A gradual move towards automated information systems and resulting databases is just as inevitable in anesthesia as it has been in other areas of health care and industry. The balance between limited resources and increasing demand for service will propel the trend towards maximally effective utilization of available resources will continue and the need for accurate related data will accelerate. At the present time, digital systems provide the only practical method to store and analyze large amounts of data and they are, therefore, essential components of a modern anesthesia environment. The perfect AIMS does not yet exist. Current commercial systems are, however, well-developed and provide their users with an early entry into a digital world that is inescapable. Anesthesiologists who embrace this new technology place themselves at a significant competitive advantage. The initial price is high, but the potential rewards are enormous.
Dr. Thys is Chair, Department of Anesthesiology, St. Luke’s-Roosevelt Hospital Center and Professor, Department of Anesthesiology, Columbia University, New York, N.Y.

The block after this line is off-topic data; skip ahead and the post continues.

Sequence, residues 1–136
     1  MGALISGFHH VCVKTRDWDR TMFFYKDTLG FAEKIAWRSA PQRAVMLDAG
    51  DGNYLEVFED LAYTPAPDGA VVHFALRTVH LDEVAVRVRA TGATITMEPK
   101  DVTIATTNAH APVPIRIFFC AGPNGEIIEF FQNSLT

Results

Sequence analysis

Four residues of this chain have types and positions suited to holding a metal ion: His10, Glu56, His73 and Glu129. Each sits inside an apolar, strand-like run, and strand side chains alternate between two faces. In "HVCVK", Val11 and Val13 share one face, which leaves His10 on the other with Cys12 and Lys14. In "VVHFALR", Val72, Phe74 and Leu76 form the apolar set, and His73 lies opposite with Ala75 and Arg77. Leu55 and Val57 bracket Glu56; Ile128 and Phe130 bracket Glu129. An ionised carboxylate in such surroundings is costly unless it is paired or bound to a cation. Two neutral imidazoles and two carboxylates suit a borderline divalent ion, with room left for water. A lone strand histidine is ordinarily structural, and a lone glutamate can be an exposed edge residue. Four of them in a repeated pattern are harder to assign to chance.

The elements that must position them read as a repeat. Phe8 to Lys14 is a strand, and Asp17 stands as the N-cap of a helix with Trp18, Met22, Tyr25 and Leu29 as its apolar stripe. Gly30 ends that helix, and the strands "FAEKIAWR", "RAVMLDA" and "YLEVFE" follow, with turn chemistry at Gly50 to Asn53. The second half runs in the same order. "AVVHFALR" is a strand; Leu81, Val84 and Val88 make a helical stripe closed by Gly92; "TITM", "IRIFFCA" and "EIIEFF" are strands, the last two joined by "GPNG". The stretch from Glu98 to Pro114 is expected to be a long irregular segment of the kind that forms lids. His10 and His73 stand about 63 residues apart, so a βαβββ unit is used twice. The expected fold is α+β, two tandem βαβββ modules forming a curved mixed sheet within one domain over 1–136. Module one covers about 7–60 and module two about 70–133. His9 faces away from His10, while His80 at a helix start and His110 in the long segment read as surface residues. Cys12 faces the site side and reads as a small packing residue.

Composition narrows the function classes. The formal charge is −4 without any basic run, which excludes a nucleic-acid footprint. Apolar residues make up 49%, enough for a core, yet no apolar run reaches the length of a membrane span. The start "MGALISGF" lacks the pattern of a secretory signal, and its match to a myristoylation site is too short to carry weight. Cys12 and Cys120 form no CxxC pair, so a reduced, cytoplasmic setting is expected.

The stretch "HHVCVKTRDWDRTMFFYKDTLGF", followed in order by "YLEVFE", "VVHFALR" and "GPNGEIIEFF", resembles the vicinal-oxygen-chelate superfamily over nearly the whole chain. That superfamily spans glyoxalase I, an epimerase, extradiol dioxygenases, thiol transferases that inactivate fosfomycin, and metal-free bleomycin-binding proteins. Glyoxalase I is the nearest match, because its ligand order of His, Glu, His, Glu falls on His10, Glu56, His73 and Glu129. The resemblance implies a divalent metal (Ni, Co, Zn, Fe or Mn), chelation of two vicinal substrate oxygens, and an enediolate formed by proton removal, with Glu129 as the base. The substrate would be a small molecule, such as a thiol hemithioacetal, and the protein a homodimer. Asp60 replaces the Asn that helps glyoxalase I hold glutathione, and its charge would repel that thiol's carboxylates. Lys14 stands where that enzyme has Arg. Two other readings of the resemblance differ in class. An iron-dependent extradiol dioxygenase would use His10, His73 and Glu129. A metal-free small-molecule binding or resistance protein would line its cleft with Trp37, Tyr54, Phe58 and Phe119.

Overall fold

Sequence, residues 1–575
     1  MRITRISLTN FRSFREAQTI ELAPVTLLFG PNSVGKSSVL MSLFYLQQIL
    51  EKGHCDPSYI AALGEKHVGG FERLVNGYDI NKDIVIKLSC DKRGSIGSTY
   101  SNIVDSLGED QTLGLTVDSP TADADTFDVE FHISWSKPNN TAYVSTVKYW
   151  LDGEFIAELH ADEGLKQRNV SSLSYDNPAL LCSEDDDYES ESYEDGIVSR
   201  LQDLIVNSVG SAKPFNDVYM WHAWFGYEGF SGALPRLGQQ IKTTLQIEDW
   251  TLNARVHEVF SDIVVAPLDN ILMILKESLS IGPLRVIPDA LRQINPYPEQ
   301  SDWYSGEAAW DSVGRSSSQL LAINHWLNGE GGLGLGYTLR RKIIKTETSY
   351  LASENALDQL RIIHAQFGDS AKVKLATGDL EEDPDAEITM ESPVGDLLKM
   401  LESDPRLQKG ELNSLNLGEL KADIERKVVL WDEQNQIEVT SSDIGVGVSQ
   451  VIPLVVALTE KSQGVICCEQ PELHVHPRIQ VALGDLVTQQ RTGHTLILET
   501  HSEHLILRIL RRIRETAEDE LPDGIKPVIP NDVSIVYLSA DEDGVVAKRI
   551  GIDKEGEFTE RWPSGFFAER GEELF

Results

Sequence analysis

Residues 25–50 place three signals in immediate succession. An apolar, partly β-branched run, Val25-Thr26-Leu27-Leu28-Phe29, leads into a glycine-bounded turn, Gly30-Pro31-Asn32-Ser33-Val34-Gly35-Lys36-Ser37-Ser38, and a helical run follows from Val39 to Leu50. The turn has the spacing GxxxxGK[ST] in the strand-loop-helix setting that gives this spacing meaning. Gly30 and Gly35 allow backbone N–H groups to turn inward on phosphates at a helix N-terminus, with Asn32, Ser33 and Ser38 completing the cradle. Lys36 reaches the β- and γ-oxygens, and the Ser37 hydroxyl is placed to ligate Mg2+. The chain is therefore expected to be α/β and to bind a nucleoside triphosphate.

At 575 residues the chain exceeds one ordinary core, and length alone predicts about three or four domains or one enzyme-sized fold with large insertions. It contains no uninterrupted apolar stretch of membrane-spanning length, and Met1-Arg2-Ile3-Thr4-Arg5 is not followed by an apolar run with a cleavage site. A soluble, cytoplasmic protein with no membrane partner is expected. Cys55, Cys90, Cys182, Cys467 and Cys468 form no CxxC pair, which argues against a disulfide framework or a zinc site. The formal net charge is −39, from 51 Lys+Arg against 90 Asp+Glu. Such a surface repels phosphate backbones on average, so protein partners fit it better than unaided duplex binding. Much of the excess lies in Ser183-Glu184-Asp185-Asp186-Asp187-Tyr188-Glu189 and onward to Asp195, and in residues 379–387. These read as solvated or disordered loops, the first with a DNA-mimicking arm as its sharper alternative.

3. N. Ty Smith, JS Gravenstein. Manual and automated anesthesia information management systems. In: Monitoring in Anesthesia; 3rd Edition. LJ Saidman, N. Ty Smith, Eds. Butterworth-Heinemann, Stoneham, MA 1993, p 473.
6. Lerot JGC, Dirksen R, van Daele M, et al. Automated charting of physiologic variables in anesthesia: a quantitative comparison of automated versus handwritten anesthesia records. J Clin Monit. 4;37,1988.
10. Weinger MB, Herndon OW, Gaba DM. The effect of electronic record keeping and transesophageal echocardiography on task distribution, workload, and vigilance during cardiac anesthesia. Anesthesiology. 87;144-55,1997.
12. Sanborn K, Castro J, Kuroda M. et al. The detection of intra-operative incidents by electronic scanning of computerized anesthesia records: A comparison with voluntary reporting. Anesthesiology. 85;977 1996.